Vitamin Expert
A field of camomile


(matricaria recutita, also known as German camomile; chamaemelum nobile also known as Roman camomile)

Botanical family: Compositae/Asteraceae
Parts used: Flowers and essential oil
Main active constituents: Coumarins, flavonoids, volatile oils
Actions: Anti-allergenic, anti-inflammatory, relaxant
Good for: Insomnia, allergies, indigestion
Available forms: Tincture, essential oil, ointments, tea

Camomile is an annual plant of the sunflower family. There are two varieties, Roman (chamaemelum nobile) and German (matricaria recutita), with the German being the most researched. The Greeks knew the herb as ground apple (khamai melon) so called because of its characteristic aroma of over-ripe apples.

It grows wild all over Europe where its erect smooth- branched stem reaches a height of 15-60cm. The herbal extracts are taken from the flowers, which have a strong aromatic smell and bloom in June and July.

History of Camomile

The healing powers of camomile have been highly valued for more than 4,000 years. In ancient Egypt, camomile was considered sacred and dedicated to the sun god Ra; as the religious rituals were performed at dawn, so the tiny camomile flower opened its petals.

The ancient Arabic doctors used camomile, as did the Saxons, and all surviving ancient European herbals mention it. According to 18th century herbalist Nicholas Culpepper ‘…bathing with a decoction of camomile taketh away weariness’. In Victorian times camomile along with lavender was used to calm people with hysteria.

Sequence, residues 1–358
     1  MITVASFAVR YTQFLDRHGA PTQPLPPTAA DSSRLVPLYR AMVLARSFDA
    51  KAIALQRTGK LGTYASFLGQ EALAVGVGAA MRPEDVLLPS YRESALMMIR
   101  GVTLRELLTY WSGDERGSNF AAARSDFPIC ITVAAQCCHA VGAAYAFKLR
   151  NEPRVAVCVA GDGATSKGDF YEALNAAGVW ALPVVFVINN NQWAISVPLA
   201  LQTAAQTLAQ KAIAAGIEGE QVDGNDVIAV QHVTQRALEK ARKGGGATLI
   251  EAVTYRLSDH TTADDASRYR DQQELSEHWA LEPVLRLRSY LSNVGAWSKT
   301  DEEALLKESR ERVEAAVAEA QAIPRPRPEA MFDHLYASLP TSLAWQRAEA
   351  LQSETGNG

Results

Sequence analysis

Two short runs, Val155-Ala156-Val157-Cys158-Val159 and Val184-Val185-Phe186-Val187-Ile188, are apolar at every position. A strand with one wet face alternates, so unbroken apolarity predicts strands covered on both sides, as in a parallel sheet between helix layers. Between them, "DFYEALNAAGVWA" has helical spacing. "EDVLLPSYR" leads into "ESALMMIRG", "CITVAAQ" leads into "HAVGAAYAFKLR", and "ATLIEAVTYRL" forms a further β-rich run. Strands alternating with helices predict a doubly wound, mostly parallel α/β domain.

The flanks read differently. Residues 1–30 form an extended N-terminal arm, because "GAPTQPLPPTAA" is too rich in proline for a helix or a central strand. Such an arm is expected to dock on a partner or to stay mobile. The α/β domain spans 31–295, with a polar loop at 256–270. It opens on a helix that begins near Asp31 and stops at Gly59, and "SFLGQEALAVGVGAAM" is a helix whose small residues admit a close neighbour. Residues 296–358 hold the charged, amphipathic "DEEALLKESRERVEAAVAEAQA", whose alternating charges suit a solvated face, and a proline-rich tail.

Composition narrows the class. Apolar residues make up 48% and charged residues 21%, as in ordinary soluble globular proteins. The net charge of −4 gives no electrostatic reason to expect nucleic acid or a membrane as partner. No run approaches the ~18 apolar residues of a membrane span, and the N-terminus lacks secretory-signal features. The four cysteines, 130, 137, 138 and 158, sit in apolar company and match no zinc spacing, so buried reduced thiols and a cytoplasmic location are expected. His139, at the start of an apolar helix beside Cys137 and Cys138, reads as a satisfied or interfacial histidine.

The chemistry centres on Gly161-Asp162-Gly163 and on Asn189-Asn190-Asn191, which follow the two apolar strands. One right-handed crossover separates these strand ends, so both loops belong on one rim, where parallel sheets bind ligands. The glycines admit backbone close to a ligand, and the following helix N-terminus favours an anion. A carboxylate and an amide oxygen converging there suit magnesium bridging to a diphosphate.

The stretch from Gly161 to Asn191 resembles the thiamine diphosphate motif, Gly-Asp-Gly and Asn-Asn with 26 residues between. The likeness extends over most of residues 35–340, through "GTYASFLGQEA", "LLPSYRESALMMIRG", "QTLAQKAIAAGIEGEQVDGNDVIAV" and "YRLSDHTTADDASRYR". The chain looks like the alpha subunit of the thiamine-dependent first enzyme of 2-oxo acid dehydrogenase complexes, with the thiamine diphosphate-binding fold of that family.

The flowers have also been used for centuries to scent clothing and bed linen, made into potpourris, strewn on the floor to help deter fleas and other insects and used to help freshen the air.

Current uses of Camomile


An infusion of camomile can be used to help insomnia especially if stress is the underlying cause.


Camomile has mild anti-spasmodic actions as well as being an anti-acid. If taken after food as a tea, it will ease acid indigestion and reduce wind.


Camomile is wonderful for calming down the body’s reaction to allergy, especially in cases of eczema, asthma and hay fever. It has anti-inflammatory properties when taken internally and when used topically.

How to take Camomile

To make an infusion place one heaped teaspoon of the dried flowers in a mug of boild water and allow to steep for about 10 minutes. Lemon or honey can be added to taste.
Teabags containing Camomile are available in health food stores and are a convenient way of preparing a tea infusion.


Avoid excessive use of camomile in pregnancy